Being an adult means working and of course, paying taxes. Though filing taxes may seem pretty straight forward, there is always tons of room for error. Your tax return mistakes could be costing you hundreds, possibly thousands of dollars!
Common Tax Return Mistakes
While you want to comply with tax rules and laws, you also don’t want to pay more taxes than necessary. Missing out on money-saving deductions and credits can make all the difference between a good or bad tax return.
Here are five costly tax mistakes that you want to avoid making.
1. Paying for Tax Preparation
Tax professionals and accountants charge clients hundreds of dollars to file their taxes. But why pay for something when you can get it for free? TaxAct, H&R Block, and TurboTax all offer free tax software that allows you to file taxes on your own.
There are also programs available for certain demographics. For example, if you make $54,000 or less a year, have a disability, or speak very limited English, you may be eligible for the Volunteer Income Tax Assistance program. Other similar options include Free File and Tax Counseling for the Elderly (TCE), both sponsored by the IRS.
If you’re unsure about filing your taxes, consider reaching out to a professional. You can find the best financial advisor in Orlando on Carefulcents.com.
2. Choosing the Wrong Filing Status
One of the first questions you’re asked when filing taxes is your filing status. The status you choose determines your tax rate along with your eligibility for certain tax deductions. If you choose the wrong filing status, you risk the possibility of overpaying or underpaying your taxes, both of which can be quite costly.
An incorrect filing status choice often has the biggest impact on married couples. If you choose to file as married filing separately instead of married filing jointly, you may be losing thousands of dollars in tax breaks.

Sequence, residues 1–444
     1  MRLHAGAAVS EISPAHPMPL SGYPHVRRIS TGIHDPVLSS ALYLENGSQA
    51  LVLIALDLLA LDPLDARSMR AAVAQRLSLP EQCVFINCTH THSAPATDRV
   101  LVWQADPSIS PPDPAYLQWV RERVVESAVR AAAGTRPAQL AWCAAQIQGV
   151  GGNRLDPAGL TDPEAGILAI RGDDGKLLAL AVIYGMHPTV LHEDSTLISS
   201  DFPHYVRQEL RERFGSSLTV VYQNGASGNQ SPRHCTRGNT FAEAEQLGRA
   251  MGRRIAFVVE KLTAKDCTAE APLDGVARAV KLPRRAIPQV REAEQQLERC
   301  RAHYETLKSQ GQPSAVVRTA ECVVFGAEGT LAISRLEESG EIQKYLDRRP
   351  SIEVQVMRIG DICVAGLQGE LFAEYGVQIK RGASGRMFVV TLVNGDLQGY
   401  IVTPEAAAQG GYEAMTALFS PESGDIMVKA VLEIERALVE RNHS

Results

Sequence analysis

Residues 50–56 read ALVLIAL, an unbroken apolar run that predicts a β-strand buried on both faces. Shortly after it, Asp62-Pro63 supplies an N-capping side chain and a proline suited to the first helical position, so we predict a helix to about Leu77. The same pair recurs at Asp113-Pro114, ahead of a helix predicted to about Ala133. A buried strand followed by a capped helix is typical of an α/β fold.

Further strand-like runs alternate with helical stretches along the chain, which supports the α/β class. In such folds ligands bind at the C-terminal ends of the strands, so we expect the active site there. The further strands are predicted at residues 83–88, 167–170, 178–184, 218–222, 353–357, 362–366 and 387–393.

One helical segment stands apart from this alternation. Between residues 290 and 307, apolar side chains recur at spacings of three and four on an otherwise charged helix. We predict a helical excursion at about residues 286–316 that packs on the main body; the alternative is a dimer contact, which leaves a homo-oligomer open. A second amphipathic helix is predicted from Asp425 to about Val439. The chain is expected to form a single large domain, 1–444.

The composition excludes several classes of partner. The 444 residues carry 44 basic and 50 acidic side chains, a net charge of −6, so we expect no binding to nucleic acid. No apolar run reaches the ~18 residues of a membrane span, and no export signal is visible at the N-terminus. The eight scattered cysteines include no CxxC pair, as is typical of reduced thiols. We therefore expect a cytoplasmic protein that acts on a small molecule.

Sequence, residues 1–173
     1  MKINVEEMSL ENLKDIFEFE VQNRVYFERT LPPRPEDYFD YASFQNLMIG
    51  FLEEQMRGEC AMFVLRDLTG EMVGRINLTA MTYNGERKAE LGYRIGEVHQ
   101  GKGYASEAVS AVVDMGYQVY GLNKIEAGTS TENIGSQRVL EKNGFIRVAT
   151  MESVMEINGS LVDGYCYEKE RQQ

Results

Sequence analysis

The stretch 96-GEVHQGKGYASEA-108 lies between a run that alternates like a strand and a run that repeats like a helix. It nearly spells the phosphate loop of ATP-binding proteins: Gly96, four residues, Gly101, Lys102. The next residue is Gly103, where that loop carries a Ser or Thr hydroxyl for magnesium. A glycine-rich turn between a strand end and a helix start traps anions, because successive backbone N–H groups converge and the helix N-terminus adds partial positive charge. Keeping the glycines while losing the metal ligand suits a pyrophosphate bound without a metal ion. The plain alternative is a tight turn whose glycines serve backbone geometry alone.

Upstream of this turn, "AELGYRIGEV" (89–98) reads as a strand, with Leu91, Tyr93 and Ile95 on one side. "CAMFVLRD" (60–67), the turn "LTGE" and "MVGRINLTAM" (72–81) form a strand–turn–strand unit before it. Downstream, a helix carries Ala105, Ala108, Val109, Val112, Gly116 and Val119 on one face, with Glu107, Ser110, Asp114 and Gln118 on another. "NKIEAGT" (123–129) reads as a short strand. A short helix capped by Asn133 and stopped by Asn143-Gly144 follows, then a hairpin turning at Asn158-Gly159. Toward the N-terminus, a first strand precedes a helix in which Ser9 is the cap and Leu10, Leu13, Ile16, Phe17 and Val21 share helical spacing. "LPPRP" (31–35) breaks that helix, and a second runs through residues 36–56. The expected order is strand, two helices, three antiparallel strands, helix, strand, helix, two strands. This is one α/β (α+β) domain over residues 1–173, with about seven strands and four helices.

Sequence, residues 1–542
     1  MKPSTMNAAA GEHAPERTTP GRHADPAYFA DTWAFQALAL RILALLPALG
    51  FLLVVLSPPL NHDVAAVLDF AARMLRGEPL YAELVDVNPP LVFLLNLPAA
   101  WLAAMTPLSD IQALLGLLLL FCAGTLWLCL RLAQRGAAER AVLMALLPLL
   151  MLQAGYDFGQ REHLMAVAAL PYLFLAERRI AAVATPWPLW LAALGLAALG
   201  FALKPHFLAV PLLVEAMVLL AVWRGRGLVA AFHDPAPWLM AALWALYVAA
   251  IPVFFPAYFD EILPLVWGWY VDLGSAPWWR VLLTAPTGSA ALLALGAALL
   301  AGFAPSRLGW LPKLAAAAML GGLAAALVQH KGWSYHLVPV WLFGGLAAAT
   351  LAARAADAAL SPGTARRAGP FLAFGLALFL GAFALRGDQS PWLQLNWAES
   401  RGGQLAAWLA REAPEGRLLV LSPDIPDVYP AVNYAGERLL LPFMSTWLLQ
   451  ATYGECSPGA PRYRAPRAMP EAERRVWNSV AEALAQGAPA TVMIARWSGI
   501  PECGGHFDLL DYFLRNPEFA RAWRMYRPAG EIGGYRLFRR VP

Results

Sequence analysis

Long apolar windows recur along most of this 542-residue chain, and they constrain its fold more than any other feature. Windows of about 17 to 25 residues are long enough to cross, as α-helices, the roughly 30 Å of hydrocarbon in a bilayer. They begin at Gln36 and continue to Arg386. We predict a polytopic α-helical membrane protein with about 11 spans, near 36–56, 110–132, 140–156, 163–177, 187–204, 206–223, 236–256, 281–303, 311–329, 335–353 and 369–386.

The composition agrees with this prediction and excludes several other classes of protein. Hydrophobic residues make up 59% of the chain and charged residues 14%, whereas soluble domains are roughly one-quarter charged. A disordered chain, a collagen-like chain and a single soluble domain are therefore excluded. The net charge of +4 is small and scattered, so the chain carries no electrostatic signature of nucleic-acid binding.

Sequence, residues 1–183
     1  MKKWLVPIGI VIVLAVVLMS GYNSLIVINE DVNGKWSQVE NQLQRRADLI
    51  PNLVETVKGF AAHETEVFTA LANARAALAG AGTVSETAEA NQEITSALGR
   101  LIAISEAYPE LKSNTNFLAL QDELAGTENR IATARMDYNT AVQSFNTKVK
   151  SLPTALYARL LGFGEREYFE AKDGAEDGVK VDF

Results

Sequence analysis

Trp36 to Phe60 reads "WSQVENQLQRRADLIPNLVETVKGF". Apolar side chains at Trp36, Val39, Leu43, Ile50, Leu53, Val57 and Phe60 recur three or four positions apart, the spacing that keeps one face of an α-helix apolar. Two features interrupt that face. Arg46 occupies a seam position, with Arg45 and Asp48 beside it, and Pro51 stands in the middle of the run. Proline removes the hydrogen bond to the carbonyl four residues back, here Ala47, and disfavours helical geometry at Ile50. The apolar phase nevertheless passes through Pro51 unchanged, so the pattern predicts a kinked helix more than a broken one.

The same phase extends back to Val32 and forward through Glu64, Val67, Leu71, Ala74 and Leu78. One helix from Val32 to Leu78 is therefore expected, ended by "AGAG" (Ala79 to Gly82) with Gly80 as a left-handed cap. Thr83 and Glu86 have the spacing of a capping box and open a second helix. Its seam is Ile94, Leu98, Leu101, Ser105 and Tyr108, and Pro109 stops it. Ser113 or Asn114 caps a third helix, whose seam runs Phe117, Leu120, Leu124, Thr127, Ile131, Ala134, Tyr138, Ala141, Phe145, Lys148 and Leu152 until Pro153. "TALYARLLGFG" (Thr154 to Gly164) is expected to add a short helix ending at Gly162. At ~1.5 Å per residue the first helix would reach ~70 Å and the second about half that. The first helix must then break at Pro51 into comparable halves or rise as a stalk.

When you file separately, you’re unable to claim all sorts of tax credits and deductions, including:
- Earned income tax credit (EITC)
- American Opportunity Tax Credit
- Lifetime Learning Credit
- Student loan interest deduction
Another common filing mistake is deciding to file as single versus the head of household. Filing single could put you in a higher tax bracket while having a lower income threshold. This means you may lose eligibility for certain credits and deductions.
To ensure you’re choosing the right filing status, check out the IRS tool that asks questions to determine your status.
3. Not Claiming Deductions or Credits
Deductions and credits are available to help tax payers, so take advantage of them! Not doing so could result in a tax return that’s thousands of dollars higher than it really should be.
Deductions reduce your overall tax bill by reducing your taxable income. For example, if you made $85,000 last year but have a $3,000 deduction, your taxable income drops to $82,000. The percentage you save is based on your tax bracket.
Tax credits are a dollar-for-dollar tax reduction. If you would have owed $4,000 in taxes but you claim a $1,500 credit, you will then only owe $2,500. Tax credits save much more than tax deductions.
There are all sorts of deductions and credits that you may be eligible for. Most tax preparation software will determine which of each you qualify for.
4. Incorrectly Choosing Itemizing vs. Standardizing
When filing your tax return, you have the option to claim itemized deductions or the standard deduction. If you choose the standard deduction, you can claim certain deductions such as student loan interest and contributions to an IRA account.
On the other hand, there are certain deductions that you can claim only if you choose to itemize. Common itemized deductions include:
- Local taxes
- Mortgage interest
- Investment interest expenses
- Charitable deductions
- Medical costs
When deciding which option is most beneficial for you, figure out what the standard deduction is for the filing status you choose. Then figure out which itemized deductions you can claim. If your itemized deductions exceed your standard deductions, choose to itemize, or vice versa.
5. Not Taking Advantage of Tax Break Investments
If you have a steady income, you’ll want to use as many tax break options as possible. By now investing in accounts that provide a tax break, you’re causing your taxes to increase. There are all sorts of accounts that serve as tax deductions including a traditional IRA, employer 401(k), health savings accounts (HSA), 529 accounts, and many others.
What’s even nicer is that with some of these accounts, you can enjoy tax-free growth. By contributing to an investment account using tax-deductible dollars, you automatically reduce your taxable income.
If your income allows it, maximize your contributions to get the most benefit.
Tax season is much more enjoyable when you’re filing your taxes properly. While tax season is still months away, it never hurts to be aware of some of the most costly mistakes that people make when filing.
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